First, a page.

Jitish Kallat

"Jitish Kallat: Decimal Point"
On view at Sperone Westwater, 26 April - 16 June 2018
All photography by Robert Vinas Jr., 2018
Courtesy of the artist and Sperone Westwater, New York

Jitish Kallat

"Jitish Kallat: Decimal Point"
On view at Sperone Westwater, 26 April - 16 June 2018
All photography by Robert Vinas Jr., 2018
Courtesy of the artist and Sperone Westwater, New York

Jitish Kallat

"Jitish Kallat: Decimal Point"
On view at Sperone Westwater, 26 April - 16 June 2018
All photography by Robert Vinas Jr., 2018
Courtesy of the artist and Sperone Westwater, New York

Jitish Kallat

"Jitish Kallat: Decimal Point"
On view at Sperone Westwater, 26 April - 16 June 2018
All photography by Robert Vinas Jr., 2018
Courtesy of the artist and Sperone Westwater, New York

Jitish Kallat

Portrait by Alex Schneider.

View Gallery - 5 images
New York

Jitish Kallat Plays with Time, Scale, and Perception in “Decimal Point”

Currently on view at Sperone Westwater in New York is Jitish Kallat’s “Decimal Point” (open until June 16). His first with the gallery, it comes after a solo show at the Philadelphia Museum of Art last year, and a large survey at the National Gallery of Modern Art in New Delhi.

A variety of works are presented, exploring the cosmos, time, perception, often juxtaposing the micro and the macro in images. Whitewall spoke with Kallat about the interplay between the terrestrial and the celestial, the cosmopolis and the cosmos.

WHITEWALL: What are some of the major themes explored in this show?

JITISH KALLAT: There are several themes and preoccupations that recur throughout ”Decimal Point,” such as, the ideas of proximity and distance, perception, time, scale, sustenance, and the sky. One of the aspects in my work is that it frequently shifts focal lengths and time frames. Going close to something and prolonging our gaze can alter the meaning of what we are looking at. In Sightings, the skin of a fruit, as it inverts into its chromatic opposite, begins to reveal large inter-galactic vistas, as if the fruit skin was revealing a forensic evidence of the star-light from which it emerges. 

Covariance appears like an extraterrestrial meteorite that bears on its surface numerous fossilized gazes. Reptilian eyes, mammalian eyes and the eyes of fish look out at the world simultaneously from all directions on the surface of the sculpture. In Infinite Episode, species surrender scale in a state of sleep while a momentary engagement in the atmospheric flux during monsoon registers a cosmic image in the Rain Studies. 

On Level 3 of the gallery, Wind Study (Hilbert Curve) registers invisible movements of the wind, and this is seen alongside a perpetual, unceasing transition of lunar phases formed by progressively eaten rotis (Indian bread) in The Eternal Gradient. 

WW: The cosmos seem to play a big role in your work. Why?

JK: As I was just saying the focal length at which one sees the world often defines the meaning we derive from it. To look at our worldly, earthly, human stories alongside a fleeting pointer to the unfathomable scale of our universe, expanding at an inexplicable pace, can bring a expanded dimension of insight into to the stories we tell ourselves.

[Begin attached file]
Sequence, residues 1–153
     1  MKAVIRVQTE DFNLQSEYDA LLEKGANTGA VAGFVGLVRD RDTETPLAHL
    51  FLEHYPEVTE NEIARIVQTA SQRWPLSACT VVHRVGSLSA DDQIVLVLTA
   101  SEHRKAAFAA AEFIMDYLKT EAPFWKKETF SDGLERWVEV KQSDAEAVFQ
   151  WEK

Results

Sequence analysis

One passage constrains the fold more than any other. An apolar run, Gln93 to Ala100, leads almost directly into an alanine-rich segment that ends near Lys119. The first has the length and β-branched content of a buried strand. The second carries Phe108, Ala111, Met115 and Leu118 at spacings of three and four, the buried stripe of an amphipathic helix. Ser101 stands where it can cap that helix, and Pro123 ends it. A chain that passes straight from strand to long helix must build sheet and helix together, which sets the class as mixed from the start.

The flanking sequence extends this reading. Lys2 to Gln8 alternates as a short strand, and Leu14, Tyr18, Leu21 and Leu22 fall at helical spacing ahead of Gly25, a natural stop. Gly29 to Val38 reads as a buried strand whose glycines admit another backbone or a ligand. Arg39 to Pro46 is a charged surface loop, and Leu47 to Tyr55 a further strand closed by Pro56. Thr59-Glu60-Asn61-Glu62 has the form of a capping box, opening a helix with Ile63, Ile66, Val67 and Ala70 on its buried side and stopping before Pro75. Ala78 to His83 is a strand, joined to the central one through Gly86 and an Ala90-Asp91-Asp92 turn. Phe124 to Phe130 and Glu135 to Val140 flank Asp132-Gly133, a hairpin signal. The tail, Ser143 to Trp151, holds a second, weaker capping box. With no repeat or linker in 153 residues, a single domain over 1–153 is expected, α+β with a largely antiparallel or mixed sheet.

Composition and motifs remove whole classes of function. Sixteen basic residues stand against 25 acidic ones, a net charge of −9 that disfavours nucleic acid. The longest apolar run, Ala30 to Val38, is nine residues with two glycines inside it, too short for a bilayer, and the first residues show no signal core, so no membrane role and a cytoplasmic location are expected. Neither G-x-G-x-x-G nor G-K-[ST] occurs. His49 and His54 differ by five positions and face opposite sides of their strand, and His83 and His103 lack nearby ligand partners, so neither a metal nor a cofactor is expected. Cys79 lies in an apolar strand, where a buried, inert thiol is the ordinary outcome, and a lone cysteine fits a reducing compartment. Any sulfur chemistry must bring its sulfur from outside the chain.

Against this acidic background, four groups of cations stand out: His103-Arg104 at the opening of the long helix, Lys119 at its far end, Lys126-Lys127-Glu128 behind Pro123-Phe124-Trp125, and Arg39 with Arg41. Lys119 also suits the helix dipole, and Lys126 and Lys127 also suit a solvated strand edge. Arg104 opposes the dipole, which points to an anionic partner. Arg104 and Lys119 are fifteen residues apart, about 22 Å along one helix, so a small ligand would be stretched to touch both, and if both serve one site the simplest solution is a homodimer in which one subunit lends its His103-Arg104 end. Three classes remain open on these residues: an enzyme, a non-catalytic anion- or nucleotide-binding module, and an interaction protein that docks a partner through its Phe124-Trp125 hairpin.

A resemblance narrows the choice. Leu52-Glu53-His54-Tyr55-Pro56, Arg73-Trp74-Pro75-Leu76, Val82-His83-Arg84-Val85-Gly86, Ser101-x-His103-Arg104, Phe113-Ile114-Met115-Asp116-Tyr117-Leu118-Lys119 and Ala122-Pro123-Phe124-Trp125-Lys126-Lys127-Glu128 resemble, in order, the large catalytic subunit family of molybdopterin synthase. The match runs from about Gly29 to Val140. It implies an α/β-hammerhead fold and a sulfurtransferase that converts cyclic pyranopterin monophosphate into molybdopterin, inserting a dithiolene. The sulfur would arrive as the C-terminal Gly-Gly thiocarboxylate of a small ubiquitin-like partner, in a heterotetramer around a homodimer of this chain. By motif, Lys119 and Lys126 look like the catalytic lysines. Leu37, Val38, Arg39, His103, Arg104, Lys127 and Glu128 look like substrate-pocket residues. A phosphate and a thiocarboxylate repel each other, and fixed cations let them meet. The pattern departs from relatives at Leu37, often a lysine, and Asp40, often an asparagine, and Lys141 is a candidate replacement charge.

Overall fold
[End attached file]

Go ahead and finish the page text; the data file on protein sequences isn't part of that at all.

Recently, in a conversation, I was saying that I could think of myself as a resident of Mumbai, or India, or Asia, or in a vague sense a resident of planet Earth. I could also, somewhat facetiously, say that I am a resident of the Milky Way Galaxy. This last remark would completely alter the focal length at which I might view the location of my residence, my sense of identity or my limiting identifications, and my immediate neighborhood then becomes the Andromeda Galaxy. The interplay between the terrestrial and the celestial, the cosmopolis and the cosmos, has recurred throughout my practice.

WW: How do photography and sculpture connect those ideas?

JK: Materials have their intrinsic, innate properties enshrined in them that generate specific physical sensations, experience or “qualia” in the viewer. As artists it is the unlocking of these material properties that allows us to develop a language with which to connect with the viewer. As such I would not say that I feel any preferential hierarchy for any medium except for its pertinence and compatibility with the initial artistic impulse that propelled one to make the work. The medium, whether a photograph or a sculpture, has to have the force and vitality to activate a dynamic “commerce of meaning” between initial artistic impulse, the completed artwork and the viewer.

WW: How does the gallery space of Sperone Westwater affect the feeling of the show?

JK: The verticality in the architecture of the gallery allowed for several compelling sightlines. The photoworks titled Sightings could rise all the way to Level 2 where one could re-experience them from above alongside the Rain Study drawings. One doesn’t walk between bodies of work, one rises from levels 1 to 2 to 3 to experience them. I was very mindful of this ascension as a key element while developing the exhibition and in attempting to arrive at the desired geometry and chemistry between the works.

 

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